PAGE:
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The wooden plaques tied below the image of the cats contain wishes left by visitors. This is a common practice at temples and shrines, but it was specifically here that I chose to leave such a wish myself. Another common practice is selecting a fortune from a box near the shrine – at the Imado temple, each fortune comes with a tiny cat figure. I did get one of these, and of course a few ceramic cats from both Imado and Gotoku-ji.

One cannot help but think a little bit about spiritual things after visiting spiritual places, and a coincidence that occurred soon after leaving Imado contributed. Heading back south towards the Senso-ji temple, I saw a small narrow park, really a stone path lined with trees, and decided to walk in that direction. About halfway, a saw a woman with an open cat carrier, and inside was a black cat with green eyes!

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Although we had almost no words in common except basic greetings and “neko”, I was able to express my appreciation of her cat, and showed photos of Luna. “Lady?”, she asked in English. I nodded. She pointed to her own cat and smiled “Boy!”

The symbol of the cat is ubiquitous in Tokyo, spiritually as well as commercially:

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In the image above, we see a shop carrying not only an impressive array of maneki neko, but some examples of Japan’s other famous feline symbol, Hello Kitty. I have approximately zero interest in Hello Kitty, but during my trip I did build up a small collection of maneki neko, of which a subset are shown below:

Included are one of the simple ceramics from Gotoku-ji, the tiny cat that came with the fortune at Imado, and a couple of black cats that I found.

Beyond the black cat in the park, I did not see very many live cats during my short visit. Apparently, this is an issue from Japanese ailurophiles as well. There are now several cat cafes around Tokyo, where for a fee one can spend an hour or so interacting with the cafe’s very friendly (and very clean) cats. I did see a cat cafe in Akiabara (an area which will be the focus of one of our next articles), but I did not have time to check it out. However, Akiabara, the center of electronics and anime in Tokyo, will itself be the topic of an upcoming article here at CatSynth.

Test Tone vol. 46, Super-Deluxe, Tokyo

Tokyo has a large electronic music and experimental music scene, and during my brief stay there I wanted to check out at least one show.  I did find the club Super-Deluxe with a calendar full of interesting shows.  On the night of June 9, it Test Tone vol. 46.

This particular program featured international guests artists.  The first act did feature a collaboration between Illinois-based Nick Hoffman and Japanese improvising artistTakahiro Kawaguchi. Unfortunately, I missed a large portion of their set while I attempted to locate the club. It seems that most streets in Tokyo are unmarked, so it’s easy to get turned around, or miss a small side street, so getting to Super Deluxe was a bit of adventure. I wish I had gotten to see more.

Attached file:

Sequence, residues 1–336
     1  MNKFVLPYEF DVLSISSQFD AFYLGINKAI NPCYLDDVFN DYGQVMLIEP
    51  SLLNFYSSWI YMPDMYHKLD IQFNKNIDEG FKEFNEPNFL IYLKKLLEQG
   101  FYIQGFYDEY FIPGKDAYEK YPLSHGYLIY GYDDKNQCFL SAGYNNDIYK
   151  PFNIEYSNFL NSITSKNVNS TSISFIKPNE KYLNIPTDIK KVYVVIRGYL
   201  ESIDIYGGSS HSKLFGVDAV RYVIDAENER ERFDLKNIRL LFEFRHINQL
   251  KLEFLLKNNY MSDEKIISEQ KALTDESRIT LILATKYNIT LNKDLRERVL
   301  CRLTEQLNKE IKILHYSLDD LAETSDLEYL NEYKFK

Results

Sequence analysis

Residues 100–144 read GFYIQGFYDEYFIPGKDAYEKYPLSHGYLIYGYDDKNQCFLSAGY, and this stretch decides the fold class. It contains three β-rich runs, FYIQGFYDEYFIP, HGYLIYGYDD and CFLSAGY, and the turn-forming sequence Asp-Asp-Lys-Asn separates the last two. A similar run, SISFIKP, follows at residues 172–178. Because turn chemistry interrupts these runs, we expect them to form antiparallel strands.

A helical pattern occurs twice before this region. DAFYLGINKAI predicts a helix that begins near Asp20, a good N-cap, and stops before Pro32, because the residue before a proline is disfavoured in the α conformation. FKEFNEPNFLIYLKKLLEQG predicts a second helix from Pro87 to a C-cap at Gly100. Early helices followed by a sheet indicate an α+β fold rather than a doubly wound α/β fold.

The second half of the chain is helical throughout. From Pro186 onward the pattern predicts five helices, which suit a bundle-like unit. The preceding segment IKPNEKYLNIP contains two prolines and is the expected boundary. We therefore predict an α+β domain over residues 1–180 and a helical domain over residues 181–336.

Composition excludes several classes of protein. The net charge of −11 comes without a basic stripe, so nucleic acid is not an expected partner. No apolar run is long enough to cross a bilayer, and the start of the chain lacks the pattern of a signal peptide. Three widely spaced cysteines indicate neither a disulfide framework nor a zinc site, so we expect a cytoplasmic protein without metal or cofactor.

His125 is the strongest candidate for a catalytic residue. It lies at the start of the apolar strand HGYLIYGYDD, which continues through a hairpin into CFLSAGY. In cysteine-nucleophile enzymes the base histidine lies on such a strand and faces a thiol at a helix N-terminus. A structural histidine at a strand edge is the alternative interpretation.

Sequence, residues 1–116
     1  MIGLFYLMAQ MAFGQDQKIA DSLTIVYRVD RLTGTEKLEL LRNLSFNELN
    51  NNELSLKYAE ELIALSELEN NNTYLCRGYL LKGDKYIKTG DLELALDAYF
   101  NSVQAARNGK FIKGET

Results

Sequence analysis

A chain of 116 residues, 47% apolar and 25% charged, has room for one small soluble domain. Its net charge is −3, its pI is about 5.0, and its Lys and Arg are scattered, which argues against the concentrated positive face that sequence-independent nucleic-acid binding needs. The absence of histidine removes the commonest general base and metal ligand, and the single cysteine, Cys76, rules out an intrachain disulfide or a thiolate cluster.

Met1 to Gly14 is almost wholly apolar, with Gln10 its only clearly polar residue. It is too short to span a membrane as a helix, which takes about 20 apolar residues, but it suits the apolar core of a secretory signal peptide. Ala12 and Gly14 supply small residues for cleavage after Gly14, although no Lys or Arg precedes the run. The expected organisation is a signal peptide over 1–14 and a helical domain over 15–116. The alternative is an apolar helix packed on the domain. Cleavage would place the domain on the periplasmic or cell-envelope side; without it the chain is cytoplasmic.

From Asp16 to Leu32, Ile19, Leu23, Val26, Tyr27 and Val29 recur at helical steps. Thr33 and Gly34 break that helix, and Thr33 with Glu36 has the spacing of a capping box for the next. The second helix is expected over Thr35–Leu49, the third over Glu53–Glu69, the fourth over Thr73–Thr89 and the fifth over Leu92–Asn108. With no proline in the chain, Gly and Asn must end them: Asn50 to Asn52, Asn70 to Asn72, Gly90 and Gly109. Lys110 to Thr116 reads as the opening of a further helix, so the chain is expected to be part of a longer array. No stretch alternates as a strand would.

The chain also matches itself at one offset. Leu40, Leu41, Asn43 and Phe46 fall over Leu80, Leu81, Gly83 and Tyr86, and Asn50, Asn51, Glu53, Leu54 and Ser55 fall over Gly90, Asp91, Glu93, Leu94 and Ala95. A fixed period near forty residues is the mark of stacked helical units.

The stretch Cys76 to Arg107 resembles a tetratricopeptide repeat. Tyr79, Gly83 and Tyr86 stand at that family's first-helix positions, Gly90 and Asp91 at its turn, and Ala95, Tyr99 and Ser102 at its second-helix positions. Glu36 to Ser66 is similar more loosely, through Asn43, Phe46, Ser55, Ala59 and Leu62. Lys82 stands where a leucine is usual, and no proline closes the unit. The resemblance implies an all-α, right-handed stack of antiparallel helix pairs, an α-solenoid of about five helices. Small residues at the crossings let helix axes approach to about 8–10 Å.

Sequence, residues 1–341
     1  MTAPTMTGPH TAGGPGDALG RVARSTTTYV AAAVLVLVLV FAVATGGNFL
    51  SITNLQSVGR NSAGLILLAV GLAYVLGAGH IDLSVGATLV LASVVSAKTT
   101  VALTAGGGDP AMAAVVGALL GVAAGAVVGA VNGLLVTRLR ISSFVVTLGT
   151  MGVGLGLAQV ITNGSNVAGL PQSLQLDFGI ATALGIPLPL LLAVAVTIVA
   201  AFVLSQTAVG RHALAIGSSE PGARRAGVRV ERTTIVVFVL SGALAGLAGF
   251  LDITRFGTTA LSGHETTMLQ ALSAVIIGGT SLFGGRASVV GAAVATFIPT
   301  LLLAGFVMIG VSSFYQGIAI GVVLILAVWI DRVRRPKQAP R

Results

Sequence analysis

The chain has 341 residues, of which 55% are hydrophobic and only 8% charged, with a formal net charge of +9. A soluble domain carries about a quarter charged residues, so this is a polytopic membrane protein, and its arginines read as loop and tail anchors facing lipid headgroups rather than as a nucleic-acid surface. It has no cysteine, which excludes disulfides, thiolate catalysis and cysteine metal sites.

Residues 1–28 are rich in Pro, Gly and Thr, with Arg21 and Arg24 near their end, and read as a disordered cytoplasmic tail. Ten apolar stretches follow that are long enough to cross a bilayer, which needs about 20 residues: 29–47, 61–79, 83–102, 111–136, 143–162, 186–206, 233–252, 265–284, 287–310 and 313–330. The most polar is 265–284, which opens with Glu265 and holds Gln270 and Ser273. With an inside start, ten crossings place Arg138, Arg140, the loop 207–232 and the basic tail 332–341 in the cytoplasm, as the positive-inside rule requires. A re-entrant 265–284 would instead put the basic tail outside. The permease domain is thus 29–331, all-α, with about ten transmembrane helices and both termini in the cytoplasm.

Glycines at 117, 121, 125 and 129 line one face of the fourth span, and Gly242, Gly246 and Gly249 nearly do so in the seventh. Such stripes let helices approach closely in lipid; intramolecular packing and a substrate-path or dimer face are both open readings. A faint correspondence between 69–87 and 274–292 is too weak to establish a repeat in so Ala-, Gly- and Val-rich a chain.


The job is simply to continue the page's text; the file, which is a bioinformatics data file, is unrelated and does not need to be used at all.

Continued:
The second set featured New York based Object Collection. Object Collection consists of Kara Feely and Travis Just, and their multimedia pieces feature electronic music as well as video and theatre. On this night, they were performing a piece entitled “Gun Sale”. Scenes that could have been from a gun sale somewhere in the urban United States were projected on video, along with fast moving urban landscape. On top of that were Feely’s vocals and Just’s music. Musically, this was precisely the sort of experimental electronic/noise I was looking for on that night (whether or not the artists classify their own music that way is a separate issue), and I remarked in my notes “it’s the real deal”.

The third set was by Swiss computer and electronic music Andrea Valvini, performing a new piece Soleil Rouge. His music incorporates noisy and inharmonic synthesized sounds, of a digital variety (I don’t recall much of the standard filtering) and musical sound effects in complex rhythms. There a basic set of beats in the background, and then odd-meter phrases and loops layered on top of that, some appearing only for a short moment, and some disappearing. The complexity of some of the sounds hides the rhythmic structure for some of the shorter hits. I did have a chance to talk with Valvini after the performance and hear a little bit about his adventures performing in Asia, and share my own experience performing in mainland China.